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Mandatory classes help not only children, but divorcing parents

Most of our readers are aware of the significant impact divorce can have on children. There is no doubt that parents need to be aware of what their children might be going through when they divorce. But should couples contemplating divorce be required to take classes educating them on the matter?  That is the question lawmakers in Alabama are currently considering.

The bill under consideration would make it mandatory for couples with children below the age of 16 to take a four hour long class to help them understand the needs of their children during and after divorce. A similar bill is already in place in Alaska, which requires parents going through a divorce to either watch a 48-minute video in person or to complete a class online. At least 19 other states have laws like this.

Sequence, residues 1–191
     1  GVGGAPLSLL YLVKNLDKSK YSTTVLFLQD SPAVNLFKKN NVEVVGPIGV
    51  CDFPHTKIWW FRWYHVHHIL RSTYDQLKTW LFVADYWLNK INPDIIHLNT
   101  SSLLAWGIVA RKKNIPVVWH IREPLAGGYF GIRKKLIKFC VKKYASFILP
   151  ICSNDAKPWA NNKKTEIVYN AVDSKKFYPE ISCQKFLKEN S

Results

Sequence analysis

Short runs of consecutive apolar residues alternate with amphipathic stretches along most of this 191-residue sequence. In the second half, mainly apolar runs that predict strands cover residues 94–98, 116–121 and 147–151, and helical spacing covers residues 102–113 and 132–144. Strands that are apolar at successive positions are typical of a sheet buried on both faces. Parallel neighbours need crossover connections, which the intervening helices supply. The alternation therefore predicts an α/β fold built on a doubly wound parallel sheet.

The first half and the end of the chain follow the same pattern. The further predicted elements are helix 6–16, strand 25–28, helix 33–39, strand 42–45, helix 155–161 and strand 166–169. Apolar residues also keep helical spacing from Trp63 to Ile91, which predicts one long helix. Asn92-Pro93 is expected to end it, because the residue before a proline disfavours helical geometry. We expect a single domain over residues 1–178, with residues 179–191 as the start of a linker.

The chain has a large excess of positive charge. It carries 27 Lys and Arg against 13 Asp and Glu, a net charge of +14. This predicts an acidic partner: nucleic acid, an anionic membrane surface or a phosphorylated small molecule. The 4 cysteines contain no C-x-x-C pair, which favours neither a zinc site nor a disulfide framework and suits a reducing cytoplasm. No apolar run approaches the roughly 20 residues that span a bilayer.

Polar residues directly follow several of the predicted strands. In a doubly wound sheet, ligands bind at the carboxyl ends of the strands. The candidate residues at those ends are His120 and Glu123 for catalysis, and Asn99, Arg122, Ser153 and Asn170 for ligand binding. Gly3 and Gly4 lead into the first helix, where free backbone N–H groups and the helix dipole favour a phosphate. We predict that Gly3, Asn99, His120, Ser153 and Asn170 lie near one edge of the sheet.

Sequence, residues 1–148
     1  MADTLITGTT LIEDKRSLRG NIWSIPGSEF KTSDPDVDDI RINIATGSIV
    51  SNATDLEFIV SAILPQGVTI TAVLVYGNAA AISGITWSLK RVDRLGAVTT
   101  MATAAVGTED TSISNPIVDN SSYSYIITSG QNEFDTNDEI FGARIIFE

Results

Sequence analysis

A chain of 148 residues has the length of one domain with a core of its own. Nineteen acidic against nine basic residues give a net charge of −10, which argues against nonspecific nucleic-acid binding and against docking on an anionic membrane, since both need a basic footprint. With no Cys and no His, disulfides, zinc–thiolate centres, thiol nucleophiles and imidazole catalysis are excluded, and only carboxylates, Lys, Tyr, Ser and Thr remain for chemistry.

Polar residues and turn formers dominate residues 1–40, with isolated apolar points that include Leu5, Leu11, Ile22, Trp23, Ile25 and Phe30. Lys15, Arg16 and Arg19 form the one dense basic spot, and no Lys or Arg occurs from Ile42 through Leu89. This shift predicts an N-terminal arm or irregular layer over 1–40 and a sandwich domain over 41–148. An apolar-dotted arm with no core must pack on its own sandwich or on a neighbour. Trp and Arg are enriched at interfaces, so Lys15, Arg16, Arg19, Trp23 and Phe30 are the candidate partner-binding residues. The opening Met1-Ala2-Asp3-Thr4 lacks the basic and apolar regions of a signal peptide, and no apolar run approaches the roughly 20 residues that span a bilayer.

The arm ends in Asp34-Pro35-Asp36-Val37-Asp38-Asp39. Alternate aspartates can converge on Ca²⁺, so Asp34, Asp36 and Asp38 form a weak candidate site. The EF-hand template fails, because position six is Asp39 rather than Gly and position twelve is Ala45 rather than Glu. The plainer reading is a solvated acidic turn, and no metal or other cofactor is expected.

The idea behind such a requirement is that parents need a little help in putting additional focus on their children during a process that can profoundly affect them. The benefits are not only for the children, however, but also for the parents who are less likely to go back to court when their children are better able to cope with the divorce.

Child custody disputes can happen not only because of the parents’ discontent with an arrangement, but especially when a child is unable to function well with the arrangement. It could be helpful for parents to go into child custody negotiations with extra sensitivity to their children’s developmental needs. Mandatory classes perhaps have a small role to play in improving the situation for children of divorced parents. 

Source: USA Today, “Ala. looks at mandating divorce classes for parents,” February 25, 2014. 

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